Friday, November 28, 2008


It wasn't until my mid to late 30's that I realized I was a man. Not that I thought I was a woman. I always referred to myself as a guy, a boy, a dude, or a fella. I wasn't particularly athletic growing up. I did enough normal guy stuff and a few not so guy like things. I was a boy scout, a horrible baseball player, rode bikes, had a dog, etc. My biggest deviation was reading, drawing, and daydreaming. I was more into going to library, checking out books on ancient Rome and Greece or architecture. I would read the dictionary and both entire sets of encyclopedias. I spent time playing with my sister and the two sisters down the street. By the time I was old enough to venture out of the yard to play elsewhere, the boys that lived on our street were in their mid teens. Not exactly playmate material. Most times I was just a loner. I ramble through the woods, play in the barn or playhouse, imagining all sorts of adventures. If I wasn't doing any of that I would be watching the Hardy Boys, or Solid Gold on TV.

I knew I had a penis and that made me a boy. I like, no love, my penis. And many others I've seen. I've never had a desire to be female, or dress like one either. I know how to worked just about every power tool, have driven tractors, dump trucks, painted, changed out light fixtures, landscaped and move furniture. All the manly things. But it wasn't until my late 30's that I remember calling myself a man when speaking about myself. It struck me as odd. So being the inquisitive type that I am, I started wondering why and trying to explain it.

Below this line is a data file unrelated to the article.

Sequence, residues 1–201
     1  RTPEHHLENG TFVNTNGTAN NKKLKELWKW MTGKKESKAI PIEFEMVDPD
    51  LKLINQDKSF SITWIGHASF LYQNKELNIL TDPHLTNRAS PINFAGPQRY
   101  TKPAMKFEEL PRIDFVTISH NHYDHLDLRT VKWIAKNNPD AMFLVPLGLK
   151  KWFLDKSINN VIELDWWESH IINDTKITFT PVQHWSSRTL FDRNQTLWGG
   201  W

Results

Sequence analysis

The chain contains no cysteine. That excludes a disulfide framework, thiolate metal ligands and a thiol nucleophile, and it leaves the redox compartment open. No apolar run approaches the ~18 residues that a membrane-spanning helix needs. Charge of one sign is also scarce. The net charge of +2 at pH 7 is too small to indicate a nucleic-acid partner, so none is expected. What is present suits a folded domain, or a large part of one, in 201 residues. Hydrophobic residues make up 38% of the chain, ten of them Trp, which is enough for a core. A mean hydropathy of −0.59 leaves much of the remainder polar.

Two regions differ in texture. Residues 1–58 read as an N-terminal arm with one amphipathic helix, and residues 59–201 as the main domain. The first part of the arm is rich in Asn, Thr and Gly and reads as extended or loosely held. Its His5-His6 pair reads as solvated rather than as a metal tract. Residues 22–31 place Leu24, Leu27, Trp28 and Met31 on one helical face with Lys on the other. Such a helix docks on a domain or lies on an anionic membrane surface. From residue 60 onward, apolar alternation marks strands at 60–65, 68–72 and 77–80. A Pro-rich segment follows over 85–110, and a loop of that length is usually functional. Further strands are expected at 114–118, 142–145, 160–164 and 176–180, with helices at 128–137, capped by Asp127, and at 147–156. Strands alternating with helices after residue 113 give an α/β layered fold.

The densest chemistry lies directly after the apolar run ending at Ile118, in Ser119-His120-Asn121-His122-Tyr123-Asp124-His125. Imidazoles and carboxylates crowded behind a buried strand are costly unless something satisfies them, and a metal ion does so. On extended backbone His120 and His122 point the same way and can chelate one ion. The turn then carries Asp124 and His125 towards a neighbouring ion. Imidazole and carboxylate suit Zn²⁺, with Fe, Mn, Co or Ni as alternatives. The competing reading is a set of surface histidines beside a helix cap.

Growing up, I wasn't very close to my father. He was always working and was tired and grumpy when he would get home. My grandfather and I were always tight. As I matured, my father became less of a stranger to me. Now we have a great bond, just like my grandfather and me. I had a few male friends that would come over after school, but not very often. For some reason, my mother never liked a single friend of mine. I only recall visiting one friend's house once in my entire childhood. I never had nor went to sleep overs, except once with the boy scout troop, in which my father was there too. He was also the coach of the baseball team the whole four years I played. Probably the only reason I made the team, 'cause I sucked. I went camping several times with my grandfather. Of course once I turned 18, and was working, I was rarely at home. I made new friends, discovered boys, hung out, partied, and discovered what fun having a penis can be. Most of my friends after high school never met my parents. I liked it that way. I guess having grown up the way I did, and being gay, kind of never gave me the "man" self image that most guys form. Just another step in the journey of life. I'm glad I finally became a man.


larry said...

i love the light fixture!!!! i want one...

rptrcub said...

I used to read encyclopedias too! And the year book supplements as well.

I can kind of relate -- when someone tells me that I'm a handsome man or something about being a good man, it's never quite taken hold, until recently.

Lemuel said...

Some of my own issues with thinking of myself as a "man" were resolved when I was finally able to separate myself from the power and influence of my father.

Dream Weaver Hit Counter
Hughes Net Satellite Internet